March 14, 2010 in City

Jim Kershner’s This Day in History

» On the Web: spokesman.com/topics/local-history
 

From our archives, 100 years ago

Members of The Woman’s Club of Spokane declared that they were “on strike” when it came to their participation in a committee investigating the city’s prison conditions.

The city’s leading progressive women signed an open letter announcing that they would refuse to serve on the committee unless its deliberations were secret – to prevent retaliation by police against witnesses. They also demanded that various labor organizations be represented.

Spokane jail conditions had become an incendiary issue in the wake of the recent Free Speech Fight involving the International Workers of the World (Wobblies). Among the charges: that police operated a virtual brothel in the women’s jail.

A bridge casualty: A man working on the timber at the north end of the Monroe Street bridge lost his hold and plunged 22 feet to earth.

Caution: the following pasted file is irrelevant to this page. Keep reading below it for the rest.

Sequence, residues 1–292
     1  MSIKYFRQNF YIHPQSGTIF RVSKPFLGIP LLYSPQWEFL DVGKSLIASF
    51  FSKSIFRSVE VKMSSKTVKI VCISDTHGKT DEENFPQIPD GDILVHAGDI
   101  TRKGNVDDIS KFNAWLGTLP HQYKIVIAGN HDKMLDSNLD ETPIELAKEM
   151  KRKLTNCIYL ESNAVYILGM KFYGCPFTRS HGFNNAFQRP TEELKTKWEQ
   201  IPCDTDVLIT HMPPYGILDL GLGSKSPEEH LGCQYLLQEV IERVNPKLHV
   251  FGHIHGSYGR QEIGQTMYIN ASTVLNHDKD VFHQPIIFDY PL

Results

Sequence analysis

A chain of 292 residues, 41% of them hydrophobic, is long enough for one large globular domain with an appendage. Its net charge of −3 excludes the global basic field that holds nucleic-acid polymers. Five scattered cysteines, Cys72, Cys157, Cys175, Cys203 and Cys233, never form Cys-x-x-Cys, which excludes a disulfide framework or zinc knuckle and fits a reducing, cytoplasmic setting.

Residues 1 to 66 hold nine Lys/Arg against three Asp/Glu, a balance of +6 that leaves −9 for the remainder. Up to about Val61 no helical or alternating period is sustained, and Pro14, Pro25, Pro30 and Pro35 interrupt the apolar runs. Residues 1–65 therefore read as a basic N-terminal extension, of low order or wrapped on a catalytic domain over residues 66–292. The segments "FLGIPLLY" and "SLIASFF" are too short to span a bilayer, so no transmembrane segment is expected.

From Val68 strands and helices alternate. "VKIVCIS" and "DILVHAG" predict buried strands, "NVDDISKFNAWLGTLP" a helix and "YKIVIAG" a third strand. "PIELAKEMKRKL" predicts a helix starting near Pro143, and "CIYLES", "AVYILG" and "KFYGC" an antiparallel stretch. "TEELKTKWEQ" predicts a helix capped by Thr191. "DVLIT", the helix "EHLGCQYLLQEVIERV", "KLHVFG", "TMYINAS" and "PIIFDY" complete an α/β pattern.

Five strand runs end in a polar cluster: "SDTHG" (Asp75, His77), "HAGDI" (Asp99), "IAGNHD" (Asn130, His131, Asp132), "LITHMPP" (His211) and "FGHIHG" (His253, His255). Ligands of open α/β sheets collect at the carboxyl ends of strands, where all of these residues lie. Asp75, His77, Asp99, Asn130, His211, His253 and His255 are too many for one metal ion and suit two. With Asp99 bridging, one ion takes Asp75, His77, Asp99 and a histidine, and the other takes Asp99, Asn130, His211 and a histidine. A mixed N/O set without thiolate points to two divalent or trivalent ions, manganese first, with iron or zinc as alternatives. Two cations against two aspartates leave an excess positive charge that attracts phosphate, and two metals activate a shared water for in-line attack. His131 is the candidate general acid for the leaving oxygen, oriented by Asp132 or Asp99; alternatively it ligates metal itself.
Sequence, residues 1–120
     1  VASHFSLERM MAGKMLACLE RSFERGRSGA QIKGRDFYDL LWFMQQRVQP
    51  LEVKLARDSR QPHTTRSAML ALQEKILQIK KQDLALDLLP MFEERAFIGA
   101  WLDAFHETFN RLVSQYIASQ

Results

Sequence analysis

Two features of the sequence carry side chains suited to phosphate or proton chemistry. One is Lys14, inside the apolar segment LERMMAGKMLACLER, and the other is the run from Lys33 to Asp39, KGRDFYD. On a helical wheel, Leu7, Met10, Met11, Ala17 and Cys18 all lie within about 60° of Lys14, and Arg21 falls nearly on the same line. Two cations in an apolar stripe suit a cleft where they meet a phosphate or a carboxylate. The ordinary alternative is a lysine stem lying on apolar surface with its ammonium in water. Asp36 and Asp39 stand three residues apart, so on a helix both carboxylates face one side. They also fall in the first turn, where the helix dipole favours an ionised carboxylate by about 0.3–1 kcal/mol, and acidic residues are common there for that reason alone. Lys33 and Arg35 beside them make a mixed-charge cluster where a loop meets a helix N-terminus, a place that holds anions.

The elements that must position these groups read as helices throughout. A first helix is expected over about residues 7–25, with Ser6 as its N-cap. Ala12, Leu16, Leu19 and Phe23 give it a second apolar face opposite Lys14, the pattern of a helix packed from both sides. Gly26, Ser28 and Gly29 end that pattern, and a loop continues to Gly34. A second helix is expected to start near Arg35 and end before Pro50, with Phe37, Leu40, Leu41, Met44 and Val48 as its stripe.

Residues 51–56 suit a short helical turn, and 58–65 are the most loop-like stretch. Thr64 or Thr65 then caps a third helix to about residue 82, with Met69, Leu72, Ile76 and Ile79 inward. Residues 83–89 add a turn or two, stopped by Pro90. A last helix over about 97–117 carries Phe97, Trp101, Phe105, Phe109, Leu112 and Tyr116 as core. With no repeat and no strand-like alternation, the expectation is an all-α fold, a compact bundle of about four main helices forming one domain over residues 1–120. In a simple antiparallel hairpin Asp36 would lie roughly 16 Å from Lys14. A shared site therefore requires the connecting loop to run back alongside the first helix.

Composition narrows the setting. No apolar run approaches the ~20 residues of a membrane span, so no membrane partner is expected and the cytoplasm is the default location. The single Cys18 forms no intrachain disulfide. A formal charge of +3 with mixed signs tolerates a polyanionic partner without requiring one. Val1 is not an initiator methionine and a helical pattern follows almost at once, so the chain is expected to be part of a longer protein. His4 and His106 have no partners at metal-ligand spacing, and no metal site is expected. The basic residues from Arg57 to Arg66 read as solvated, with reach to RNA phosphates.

His fellow workers found him badly broken on the rocks below. He was taken to Sacred Heart Hospital with two fractured arms and internal injuries. Doctors were concerned that his injuries could prove fatal.

Also on this date

(From the Associated Press)

1794: Eli Whitney received a patent for his cotton gin, an invention that revolutionized America’s cotton industry … 1900: Congress ratified the Gold Standard Act.


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